After three years of research and development, musician turned tech entrepreneur will.i.am is ready to get the wearable tech thing started.
The Black Eyes Peas founder and producer of such hits as I Got a Feeling and Let’s Get It Started today launched i.amPULS, his twist on wearable tech, at Salesforce’s massive user conference in San Francisco.
“If we were to imagine a world without a smartphone and dream up something for the wrist, what would it be?” he tells USA TODAY. “I built something that fits on your wrist, and you don’t need a phone to make it work.”
The product, which will be in stores before the end of the year, will start at $499. It will compete with smartwatches from Samsung, LG, Motorola and more, including the upcoming Apple Watch.
Features of the PULS include phone calling, texting, reading and writing e-mail, listening to music, checking Facebook and Twitter and tracking your steps.
The musician, born as William Adams, was a founding investor in Beats Electronics, which sold to Apple earlier this year for $3 billion. His payout as a tech investor enabled him to put $15 million into forming his i.am+ company, and he raised another $30 million from Salesforce CEO Marc Benioff and others.
Like Beats co-founder and rapper Dr. Dre, will.i.am is one of the few high-profile African Americans in a tech industry that has come under fire recently for being mostly white and male.
However, he is not new to tech. He has served as a consultant to both Intel and BlackBerry in the past, and is a frequent presence at tech conferences.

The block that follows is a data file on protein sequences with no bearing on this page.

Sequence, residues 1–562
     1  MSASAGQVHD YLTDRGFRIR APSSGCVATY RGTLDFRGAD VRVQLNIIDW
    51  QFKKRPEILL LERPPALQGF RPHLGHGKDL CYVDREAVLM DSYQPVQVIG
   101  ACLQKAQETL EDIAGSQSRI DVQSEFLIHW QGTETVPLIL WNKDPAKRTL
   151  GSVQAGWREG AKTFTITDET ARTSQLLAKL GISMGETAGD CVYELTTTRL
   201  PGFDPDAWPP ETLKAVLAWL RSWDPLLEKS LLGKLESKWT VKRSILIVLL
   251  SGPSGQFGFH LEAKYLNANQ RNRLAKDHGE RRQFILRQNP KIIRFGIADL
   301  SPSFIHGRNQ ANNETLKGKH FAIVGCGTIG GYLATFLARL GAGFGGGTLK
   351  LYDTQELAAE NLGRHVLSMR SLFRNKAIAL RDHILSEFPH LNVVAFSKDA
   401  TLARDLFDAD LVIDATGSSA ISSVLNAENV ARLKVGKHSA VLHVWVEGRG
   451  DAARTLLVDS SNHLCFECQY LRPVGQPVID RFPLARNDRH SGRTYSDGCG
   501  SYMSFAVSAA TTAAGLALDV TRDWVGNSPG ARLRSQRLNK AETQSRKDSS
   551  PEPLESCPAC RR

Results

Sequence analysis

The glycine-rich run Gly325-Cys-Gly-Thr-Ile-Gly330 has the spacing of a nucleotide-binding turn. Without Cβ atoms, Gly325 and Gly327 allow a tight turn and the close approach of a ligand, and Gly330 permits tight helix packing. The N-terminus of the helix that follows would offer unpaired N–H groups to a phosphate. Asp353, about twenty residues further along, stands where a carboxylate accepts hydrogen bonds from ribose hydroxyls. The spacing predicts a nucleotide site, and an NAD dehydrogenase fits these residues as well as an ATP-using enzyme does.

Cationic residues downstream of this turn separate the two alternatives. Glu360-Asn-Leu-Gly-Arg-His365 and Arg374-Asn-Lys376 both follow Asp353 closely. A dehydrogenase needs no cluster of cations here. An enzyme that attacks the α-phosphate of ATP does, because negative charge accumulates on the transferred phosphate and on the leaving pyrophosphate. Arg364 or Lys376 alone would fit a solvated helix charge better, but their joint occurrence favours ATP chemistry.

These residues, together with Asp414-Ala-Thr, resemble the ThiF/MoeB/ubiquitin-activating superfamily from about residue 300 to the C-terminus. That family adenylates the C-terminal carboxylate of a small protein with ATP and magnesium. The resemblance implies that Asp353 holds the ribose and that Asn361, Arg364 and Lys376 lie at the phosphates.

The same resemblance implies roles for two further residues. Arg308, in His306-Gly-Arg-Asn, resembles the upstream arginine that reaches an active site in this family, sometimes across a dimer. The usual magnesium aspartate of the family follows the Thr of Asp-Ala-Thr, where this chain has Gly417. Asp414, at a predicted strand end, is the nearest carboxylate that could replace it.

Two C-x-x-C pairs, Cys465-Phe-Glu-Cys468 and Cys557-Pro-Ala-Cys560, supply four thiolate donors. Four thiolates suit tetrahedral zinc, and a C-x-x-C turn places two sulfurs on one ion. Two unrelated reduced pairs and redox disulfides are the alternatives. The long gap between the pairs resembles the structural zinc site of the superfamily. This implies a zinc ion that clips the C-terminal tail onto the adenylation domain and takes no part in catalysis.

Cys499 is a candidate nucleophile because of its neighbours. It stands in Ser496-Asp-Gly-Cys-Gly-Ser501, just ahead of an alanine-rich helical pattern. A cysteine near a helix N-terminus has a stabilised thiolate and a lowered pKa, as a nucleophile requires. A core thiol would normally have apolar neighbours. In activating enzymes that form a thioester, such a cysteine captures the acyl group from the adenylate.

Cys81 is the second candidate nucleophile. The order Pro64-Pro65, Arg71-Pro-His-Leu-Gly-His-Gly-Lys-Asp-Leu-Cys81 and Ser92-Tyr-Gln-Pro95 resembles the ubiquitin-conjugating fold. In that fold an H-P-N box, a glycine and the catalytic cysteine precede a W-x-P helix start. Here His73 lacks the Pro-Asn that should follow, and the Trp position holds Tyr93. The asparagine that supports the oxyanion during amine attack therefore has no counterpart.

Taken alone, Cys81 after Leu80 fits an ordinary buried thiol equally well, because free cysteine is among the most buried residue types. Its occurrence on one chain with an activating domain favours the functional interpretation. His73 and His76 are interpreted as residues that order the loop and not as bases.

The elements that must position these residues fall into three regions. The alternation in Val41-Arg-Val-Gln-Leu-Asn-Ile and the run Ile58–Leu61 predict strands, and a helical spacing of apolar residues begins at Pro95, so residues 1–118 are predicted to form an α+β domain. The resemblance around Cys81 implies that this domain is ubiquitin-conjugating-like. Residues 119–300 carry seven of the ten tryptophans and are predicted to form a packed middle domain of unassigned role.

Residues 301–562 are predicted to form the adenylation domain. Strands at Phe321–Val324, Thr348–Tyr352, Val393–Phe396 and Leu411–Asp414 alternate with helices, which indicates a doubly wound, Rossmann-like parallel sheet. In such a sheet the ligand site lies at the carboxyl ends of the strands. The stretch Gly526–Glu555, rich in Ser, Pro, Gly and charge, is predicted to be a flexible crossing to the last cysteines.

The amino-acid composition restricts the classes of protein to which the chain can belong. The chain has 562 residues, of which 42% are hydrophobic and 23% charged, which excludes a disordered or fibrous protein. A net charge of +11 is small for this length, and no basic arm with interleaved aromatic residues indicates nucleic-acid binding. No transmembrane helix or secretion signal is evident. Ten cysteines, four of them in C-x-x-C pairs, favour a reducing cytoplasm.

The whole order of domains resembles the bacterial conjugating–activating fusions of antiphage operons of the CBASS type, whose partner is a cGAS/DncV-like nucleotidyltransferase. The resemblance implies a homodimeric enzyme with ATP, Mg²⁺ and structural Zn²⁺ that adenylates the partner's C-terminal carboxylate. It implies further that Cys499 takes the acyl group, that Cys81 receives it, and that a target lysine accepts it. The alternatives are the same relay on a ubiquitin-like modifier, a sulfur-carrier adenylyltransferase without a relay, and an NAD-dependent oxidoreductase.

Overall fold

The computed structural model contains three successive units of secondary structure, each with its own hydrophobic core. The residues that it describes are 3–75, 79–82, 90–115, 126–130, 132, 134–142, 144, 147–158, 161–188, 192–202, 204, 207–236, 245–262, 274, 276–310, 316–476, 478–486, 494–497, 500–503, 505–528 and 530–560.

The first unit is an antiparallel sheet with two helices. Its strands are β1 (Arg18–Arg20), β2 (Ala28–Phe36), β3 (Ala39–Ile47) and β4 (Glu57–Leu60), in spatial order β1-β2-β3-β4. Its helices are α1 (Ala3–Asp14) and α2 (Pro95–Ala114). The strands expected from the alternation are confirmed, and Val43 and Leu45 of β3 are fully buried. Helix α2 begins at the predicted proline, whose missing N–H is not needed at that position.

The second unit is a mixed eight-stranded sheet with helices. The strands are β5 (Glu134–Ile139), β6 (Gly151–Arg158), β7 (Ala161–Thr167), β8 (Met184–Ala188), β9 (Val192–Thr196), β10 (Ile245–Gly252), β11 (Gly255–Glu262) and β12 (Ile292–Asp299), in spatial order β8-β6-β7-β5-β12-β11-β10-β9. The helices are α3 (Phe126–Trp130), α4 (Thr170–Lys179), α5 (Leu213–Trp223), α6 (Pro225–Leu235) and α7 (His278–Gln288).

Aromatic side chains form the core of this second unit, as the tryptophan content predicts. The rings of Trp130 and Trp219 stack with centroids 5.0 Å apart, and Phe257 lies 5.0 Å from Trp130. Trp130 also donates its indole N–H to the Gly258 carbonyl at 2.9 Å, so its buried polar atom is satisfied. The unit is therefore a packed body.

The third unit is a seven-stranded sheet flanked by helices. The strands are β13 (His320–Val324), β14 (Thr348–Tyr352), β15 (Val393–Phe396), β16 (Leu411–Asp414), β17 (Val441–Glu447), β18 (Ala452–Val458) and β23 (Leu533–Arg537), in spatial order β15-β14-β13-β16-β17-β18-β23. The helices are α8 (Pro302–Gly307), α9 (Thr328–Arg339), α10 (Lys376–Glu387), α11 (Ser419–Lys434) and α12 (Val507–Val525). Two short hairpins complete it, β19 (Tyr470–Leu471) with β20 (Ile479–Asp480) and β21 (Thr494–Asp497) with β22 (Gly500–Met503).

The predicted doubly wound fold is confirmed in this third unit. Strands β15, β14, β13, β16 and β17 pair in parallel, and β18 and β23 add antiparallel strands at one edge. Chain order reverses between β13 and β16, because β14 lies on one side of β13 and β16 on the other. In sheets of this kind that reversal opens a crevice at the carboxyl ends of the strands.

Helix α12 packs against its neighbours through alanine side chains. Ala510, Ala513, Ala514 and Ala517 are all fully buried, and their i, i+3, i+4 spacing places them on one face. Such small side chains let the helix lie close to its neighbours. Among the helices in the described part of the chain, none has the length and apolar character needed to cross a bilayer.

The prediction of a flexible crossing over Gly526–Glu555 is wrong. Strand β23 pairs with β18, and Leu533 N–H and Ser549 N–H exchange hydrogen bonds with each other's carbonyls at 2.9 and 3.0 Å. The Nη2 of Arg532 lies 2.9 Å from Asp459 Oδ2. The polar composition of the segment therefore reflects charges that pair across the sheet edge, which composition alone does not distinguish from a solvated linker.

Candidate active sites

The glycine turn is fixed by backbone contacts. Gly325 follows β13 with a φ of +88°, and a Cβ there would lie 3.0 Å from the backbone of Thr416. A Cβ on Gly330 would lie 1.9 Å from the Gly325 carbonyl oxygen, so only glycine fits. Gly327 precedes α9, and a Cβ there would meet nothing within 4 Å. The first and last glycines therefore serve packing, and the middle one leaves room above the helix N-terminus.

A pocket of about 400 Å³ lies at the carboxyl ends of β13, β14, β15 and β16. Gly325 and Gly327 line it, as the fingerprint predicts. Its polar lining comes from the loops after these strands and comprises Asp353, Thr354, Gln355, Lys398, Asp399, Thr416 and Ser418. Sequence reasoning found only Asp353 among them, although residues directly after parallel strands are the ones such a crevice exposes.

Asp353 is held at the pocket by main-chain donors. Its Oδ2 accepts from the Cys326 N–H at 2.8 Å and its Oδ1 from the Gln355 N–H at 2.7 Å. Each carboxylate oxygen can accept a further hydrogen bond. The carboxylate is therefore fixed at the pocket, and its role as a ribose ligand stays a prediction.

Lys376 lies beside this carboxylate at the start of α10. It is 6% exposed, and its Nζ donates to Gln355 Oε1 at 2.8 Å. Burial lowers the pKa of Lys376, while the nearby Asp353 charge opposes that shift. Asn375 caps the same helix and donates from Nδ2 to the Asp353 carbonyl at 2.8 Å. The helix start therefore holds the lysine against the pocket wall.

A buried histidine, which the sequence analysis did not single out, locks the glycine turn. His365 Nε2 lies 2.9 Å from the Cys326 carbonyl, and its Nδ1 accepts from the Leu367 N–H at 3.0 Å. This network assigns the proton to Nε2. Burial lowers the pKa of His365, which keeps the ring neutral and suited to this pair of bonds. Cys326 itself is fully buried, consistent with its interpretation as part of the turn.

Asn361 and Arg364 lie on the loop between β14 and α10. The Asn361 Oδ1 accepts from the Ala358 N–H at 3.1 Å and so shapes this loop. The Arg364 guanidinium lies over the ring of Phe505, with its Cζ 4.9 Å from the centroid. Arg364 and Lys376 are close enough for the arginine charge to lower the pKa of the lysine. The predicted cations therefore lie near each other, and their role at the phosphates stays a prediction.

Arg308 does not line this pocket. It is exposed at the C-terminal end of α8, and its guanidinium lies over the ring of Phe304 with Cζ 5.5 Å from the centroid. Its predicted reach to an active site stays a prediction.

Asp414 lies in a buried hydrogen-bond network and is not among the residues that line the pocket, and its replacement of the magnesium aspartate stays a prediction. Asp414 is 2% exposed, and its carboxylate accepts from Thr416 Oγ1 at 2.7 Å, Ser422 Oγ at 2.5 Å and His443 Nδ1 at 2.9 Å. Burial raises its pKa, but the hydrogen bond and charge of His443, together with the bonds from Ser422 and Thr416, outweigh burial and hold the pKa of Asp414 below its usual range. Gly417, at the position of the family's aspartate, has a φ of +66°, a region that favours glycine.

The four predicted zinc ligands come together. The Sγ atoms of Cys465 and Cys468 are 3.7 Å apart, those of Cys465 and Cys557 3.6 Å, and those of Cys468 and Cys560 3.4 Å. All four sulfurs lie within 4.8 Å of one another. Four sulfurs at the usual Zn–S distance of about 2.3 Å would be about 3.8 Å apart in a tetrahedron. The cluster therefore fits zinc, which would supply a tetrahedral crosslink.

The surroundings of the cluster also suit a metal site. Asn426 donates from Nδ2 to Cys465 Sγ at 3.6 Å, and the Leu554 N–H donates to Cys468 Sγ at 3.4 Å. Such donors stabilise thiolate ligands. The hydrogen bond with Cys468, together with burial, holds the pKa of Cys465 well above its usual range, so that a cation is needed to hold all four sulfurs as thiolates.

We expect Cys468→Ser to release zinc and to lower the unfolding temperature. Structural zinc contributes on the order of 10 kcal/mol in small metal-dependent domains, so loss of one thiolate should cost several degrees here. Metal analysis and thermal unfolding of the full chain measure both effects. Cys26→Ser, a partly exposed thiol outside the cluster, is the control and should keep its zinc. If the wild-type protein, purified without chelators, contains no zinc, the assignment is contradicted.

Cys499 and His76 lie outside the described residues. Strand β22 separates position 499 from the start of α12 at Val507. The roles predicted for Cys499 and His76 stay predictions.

USA TODAY met up with him at his multi-stage “Future” studio in the heart of the old Hollywood district, where he has software coders, fashion designers, sewers, musicians and photographers all at work on various aspects of the new product and more to come.
For the moment, music is taking somewhat of a back seat to tech.
“The company of the future is one that’s self-contained and able to reach an audience on its own.”
In other words, he wants to sell the hardware that profits from the software.
As a musician, he made hit records (for the Peas and with Michael Jackson, Britney Spears and Justin Bieber) that in turn helped sell both CDs and CD players. “Our songs are what bring people to the stadium. I want to sell the devices you hear them with.”
The musician has a long association with Apple. He and the Peas have appeared in Apple ads.
Is he feeling competitive with PULS vs. the coming Apple Watch?
In a word, no.
“When you have something you want to put on your body, there are options. You don’t have one pair of shoes or jeans. In the world of fashion you need options. And in the world of wearable tech: I’m providing another option for you.”
He sees himself as an example of a way to tackle the tech diversity issue. Invest, and show young kids of color what’s possible.
“It’s the whole reason why I’ve invested my own money to start this company,” he says.
“I had after-school programs to encourage kids to take interest in STEM (science, technology, engineering and math), and they’d say, ‘Why can’t I be a rapper like you?'”
He says he doesn’t want to point fingers at Google, Apple and other tech firms, but instead lead by example.
“I’ve got to put my money where my mouth is.”
The bigger issue is that young kids in ghettos haven’t been taken seriously, he says. Schools need to do a better job teaching computer science. “We need to support them. It’s urgent.”
SOURCE: USA Today – Jefferson Graham